Teachers Share their Experiences While Living Abroad!

A Day in the Life of an English Teacher in Korea

Posted on Thu, Oct 18, 2012 @ 12:44 AM

It’s been almost five months since I’ve been teaching English in Korea, and the work week has become somewhat routine.  Weekends on the otherhand, is used for exploring Korea either solo or with friends.  With Chungdahm Learning hours being in the late afternoon, teachers have the whole morning to themselves.  Truth be told, some mornings are spent recovering from hanging out all night at the local bar with friends.  However, I tend to head home to my pet poodle, Choco, who is taken for a walk after I get off from work.  This is also the time I call friends and family back in the states and chitchat.  

Staying in allows me to get up within reasonable hours and make the most out of my day.  Today for example, after I took Choco for a walk, I did some house cleaning and headed to the downtown area to handle some errands.  It’s relatively easy to get around Korea.  I use what’s called a T-Money card, which gives a discounted rate on the bus fare and can also be used in taxicabs.  T-Money cards can be purchased in convenient stores, where you can also add money as necessary.  Also, the buses run quite frequently, which makes it quite convenient to get around.  

In my neighborhood, there's a bus terminal, Pohang Intercity Bus Terminal, where you can get a bus to anywhere in Korea.  From to Pohang to Seoul, a four and a half hour bus ride will run you about 30,000 KRW one way.  However, cities like Busan and Daegu are relatively popular as well, and will cost around 8,000 KRW one way.  There is so much to do and see in Korea, whether it's on a weekday before work or a weekend away, it's sure to be exciting.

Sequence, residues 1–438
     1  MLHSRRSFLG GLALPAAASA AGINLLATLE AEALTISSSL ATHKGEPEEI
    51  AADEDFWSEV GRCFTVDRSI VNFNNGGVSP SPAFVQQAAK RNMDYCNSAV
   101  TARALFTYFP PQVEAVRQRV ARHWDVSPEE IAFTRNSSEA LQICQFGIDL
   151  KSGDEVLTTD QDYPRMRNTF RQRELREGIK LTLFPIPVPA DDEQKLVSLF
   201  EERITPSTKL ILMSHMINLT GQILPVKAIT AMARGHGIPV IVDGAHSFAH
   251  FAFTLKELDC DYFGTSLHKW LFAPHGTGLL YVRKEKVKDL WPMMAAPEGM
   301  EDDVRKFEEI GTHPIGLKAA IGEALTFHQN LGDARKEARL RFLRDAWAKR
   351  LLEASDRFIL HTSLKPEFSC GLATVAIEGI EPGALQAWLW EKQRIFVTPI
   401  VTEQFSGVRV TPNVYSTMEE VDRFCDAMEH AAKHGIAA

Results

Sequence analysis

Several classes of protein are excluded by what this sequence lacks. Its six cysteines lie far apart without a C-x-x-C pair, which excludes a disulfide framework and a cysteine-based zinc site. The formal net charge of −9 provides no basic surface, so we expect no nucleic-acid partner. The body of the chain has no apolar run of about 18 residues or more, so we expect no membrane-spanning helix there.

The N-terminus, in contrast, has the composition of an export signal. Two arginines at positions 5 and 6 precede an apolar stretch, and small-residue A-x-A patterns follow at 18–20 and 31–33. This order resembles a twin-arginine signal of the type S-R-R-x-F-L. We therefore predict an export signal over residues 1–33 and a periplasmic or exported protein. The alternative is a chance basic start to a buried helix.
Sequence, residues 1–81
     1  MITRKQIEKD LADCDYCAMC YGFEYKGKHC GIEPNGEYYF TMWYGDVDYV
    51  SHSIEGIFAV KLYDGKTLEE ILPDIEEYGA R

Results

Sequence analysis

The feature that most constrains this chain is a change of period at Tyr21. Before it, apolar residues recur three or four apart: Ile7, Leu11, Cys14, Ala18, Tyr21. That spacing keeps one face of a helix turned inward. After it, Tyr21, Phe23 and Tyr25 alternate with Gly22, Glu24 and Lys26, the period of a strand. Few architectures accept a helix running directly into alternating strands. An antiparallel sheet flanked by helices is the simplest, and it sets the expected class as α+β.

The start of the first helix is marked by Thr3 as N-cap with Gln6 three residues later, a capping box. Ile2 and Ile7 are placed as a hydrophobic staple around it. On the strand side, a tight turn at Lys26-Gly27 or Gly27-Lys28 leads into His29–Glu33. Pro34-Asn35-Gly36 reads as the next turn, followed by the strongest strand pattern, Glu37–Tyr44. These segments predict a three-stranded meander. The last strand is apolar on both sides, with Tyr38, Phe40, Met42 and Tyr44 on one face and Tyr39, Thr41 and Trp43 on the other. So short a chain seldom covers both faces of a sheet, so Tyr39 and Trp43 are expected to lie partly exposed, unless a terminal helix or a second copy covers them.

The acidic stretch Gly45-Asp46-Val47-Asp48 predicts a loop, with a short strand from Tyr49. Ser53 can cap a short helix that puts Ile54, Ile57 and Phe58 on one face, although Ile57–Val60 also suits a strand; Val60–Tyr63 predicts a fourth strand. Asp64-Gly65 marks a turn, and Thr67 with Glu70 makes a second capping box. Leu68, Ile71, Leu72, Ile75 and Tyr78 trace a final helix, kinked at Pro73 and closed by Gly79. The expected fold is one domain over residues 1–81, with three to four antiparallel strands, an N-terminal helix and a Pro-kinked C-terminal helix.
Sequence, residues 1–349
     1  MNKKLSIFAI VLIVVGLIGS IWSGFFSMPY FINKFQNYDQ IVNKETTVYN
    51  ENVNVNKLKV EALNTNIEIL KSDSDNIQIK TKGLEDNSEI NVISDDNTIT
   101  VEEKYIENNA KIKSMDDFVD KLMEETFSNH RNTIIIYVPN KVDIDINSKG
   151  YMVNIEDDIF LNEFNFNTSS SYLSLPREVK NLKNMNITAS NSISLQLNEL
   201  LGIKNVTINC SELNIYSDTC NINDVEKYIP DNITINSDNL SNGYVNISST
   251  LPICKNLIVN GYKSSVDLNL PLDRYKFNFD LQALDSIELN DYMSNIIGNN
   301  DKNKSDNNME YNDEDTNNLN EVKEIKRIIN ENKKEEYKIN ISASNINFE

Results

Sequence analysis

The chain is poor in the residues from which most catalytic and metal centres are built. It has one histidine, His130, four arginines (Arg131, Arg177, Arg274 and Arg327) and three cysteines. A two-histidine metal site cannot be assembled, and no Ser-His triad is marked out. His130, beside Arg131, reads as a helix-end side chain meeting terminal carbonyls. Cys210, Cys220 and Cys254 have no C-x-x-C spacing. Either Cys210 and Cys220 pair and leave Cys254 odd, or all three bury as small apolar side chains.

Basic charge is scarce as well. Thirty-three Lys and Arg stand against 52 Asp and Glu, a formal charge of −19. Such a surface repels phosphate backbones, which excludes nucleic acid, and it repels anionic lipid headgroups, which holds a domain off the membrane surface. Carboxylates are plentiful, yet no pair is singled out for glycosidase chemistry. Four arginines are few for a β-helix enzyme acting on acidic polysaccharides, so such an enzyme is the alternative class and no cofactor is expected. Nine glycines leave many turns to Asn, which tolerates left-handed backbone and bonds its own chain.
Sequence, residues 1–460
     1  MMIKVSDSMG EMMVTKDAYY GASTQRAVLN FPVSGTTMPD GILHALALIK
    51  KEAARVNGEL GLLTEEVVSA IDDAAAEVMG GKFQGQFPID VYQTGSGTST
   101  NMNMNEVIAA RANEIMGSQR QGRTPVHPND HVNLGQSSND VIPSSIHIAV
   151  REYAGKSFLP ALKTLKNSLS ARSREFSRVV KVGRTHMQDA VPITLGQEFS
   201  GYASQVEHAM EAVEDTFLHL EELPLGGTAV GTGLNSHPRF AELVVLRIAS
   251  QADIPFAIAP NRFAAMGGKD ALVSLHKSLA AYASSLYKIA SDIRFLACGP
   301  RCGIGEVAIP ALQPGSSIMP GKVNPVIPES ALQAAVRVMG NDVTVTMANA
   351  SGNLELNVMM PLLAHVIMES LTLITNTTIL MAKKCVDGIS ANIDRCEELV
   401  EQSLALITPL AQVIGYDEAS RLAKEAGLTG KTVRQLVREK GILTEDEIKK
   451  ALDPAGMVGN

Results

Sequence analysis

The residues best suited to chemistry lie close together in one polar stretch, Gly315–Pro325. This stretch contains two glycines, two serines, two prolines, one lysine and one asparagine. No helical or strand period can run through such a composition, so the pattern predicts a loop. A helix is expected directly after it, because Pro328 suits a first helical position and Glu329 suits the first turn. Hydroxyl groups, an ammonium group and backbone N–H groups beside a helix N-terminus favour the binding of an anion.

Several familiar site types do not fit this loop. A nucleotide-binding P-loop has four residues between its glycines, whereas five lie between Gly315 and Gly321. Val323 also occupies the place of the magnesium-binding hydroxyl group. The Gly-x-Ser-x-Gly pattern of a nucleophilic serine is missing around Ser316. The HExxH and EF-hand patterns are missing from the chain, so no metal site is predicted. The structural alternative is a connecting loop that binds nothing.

On a day like today, I still have a few hours before I head to work and can spend this time relaxing, watching movies or maybe a lunch date or blogging at my favorite coffee shop, Café Bene.  At Cafe Bene, the menu is in English and you can enjoy Korean pastries like, rice cakes but also get a latte, expresso and other American favorites.  Plus, the wifi is free.

At Cafe Bene, you can get American coffee and free wifi

 Chungdahm policy is to be to work at least twenty minutes before the start of your first class.  I’m typically there an hour before which gives me time to prep as well as relax before my students get there.  Most teachers will attest the hours spent teaching fly by and before you know it, the workday is over and you’re heading home, if you’re like me that is.  Or, you’re heading to dinner with friends or to the local bar for Taco Night or Wing Night, depending on if it is Tuesday or Wednesday.

Korean food

 

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Nailah Rivers was born in Trinidad and Tobago.  She moved to the United States with her family at the age of seven.  She graduated Rutgers University in 2011 with a degree in psychology.   Her sophomore year in college, she knew for sure that she would pursue a teaching career with a focus on elementary school.  After a risky move to Miami, Florida in 2011, Nailah decided to take a chance and apply to teach English in South Korea with Chungdahm Learning.  She is currently teaching in Pohang, South Korea and is having a good time teaching and learning.  Follow her blog to get the inside scoop on teaching abroad.

Tags: teaching in Korea, a year in Korea, cafes in Korea, teaching at Chungdahm, year in Korea, Transportation in Korea

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